So I signed up for the Beginner Study Group which includes a year's membership in the Mid-Pacific Bonsai Foundation and four Introductory Workshop Packages. I sat down at a table with David upon which he had placed the various items we'd be using. A small rectangular pot, two kinds of gravel, some wire, a small piece of plastic, a little rock, and a piece of wire shaped into a hooklike tool. David instructed me to pick out four small plants from an area of prepared bonsai stock of perhaps 30 other little plants. I had no idea what to look for. They all looked the same to me and at the same time they all looked different. I chose four plants where something caught my interest even if just momentarily. I brought my little plants to the table and David asked me to choose one of them for my first sumo project. So I chose a tree that I thought would be a likely candidate and we proceeded. I thought about writing notes or taking pictures, but I just watched closely and tried to remember as much as I could. This was all a very new experience for me, and I wanted to stay focused.
We started by preparing the little pot by threading the wire from the bottom of the pot up through the drain holes, then we made a little hill of the coarse bottom rocks in the center upon which we placed a little piece of plastic that we formed into a "tent". While holding that in place we surrounded the little tent-covered hill with the body media. We flattened and firmed all the potting material. My pot was ready now, with wires sticking straight up in the air and the potting material filling the pot about 1/2 of the depth.
Now for the little tree. David helped me to remove the tree from its plastic pot and with the wire tool he showed me how to scrape away the potting material along the top edge, being careful of the roots. He made comments along the way about certain characteristics of that particular plant --- how the trunk formed, where pruning had taken place, how certain roots were more gnarled or more straight. This particular bonsai project was to be a "sumo" style, so David pointed out how the trunk of this plant would lend itself nicely to that style.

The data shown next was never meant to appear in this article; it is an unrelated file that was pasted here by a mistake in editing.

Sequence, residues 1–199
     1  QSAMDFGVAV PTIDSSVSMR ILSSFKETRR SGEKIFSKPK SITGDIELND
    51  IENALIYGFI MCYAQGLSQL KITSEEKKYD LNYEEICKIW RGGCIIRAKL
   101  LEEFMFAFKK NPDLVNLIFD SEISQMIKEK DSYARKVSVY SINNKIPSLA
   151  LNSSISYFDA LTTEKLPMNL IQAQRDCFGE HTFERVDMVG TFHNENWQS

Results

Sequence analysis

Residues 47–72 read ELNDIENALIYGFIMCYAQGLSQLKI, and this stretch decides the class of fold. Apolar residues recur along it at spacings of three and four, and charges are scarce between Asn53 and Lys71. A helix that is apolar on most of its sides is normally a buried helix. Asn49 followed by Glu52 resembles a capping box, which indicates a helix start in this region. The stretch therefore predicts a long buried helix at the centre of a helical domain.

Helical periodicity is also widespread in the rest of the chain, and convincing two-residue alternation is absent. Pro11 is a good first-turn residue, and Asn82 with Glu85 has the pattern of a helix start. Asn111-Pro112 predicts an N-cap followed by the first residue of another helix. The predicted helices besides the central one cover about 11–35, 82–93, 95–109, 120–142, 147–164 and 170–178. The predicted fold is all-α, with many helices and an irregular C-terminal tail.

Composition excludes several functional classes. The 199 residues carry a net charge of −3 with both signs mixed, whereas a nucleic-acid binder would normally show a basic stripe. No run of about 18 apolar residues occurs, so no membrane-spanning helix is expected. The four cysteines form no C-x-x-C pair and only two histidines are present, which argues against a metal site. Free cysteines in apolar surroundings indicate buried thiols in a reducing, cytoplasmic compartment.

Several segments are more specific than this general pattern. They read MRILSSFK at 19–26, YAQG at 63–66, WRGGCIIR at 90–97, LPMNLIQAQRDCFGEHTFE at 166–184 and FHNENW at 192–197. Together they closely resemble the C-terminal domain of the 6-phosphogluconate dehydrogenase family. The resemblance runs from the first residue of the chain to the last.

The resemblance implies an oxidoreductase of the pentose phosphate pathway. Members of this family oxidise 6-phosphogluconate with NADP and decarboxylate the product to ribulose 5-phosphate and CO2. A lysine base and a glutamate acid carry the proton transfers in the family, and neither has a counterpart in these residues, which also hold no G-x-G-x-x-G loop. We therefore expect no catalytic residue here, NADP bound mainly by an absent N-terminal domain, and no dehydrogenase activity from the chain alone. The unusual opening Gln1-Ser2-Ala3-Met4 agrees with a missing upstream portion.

After removing most of the original potting material, David turned the plant upside down and did a most interesting thing. He snipped off the main root at the bottom of the tree. And he said almost to himself, "You only get one chance to do this". I will need to ask David more about this, but it seemed to me to be a critical part of the whole operation. Then he placed damp sphagnum moss around the roots careful to leave the attractive ground level lower roots visible and tied that into place with the paper covered wire.
NOTE BY DAVID. I don't know how this happened that Leonie wrote that I place sphagnum moss around the roots as I don't. Somehow this mental error has come back to haunt us as when Leonie did her second IWP Sumo, she needed to redo it. I just couldn't figure out what she was doing as there were other problems. The second redo was also wrong and another redo is necessary. I'm advising her to visit again and that we review and redo here where there's less chance of error. Lucky she lives nearby and comes past Kurtistown twice a month or so enroute to Hilo to do shopping etc.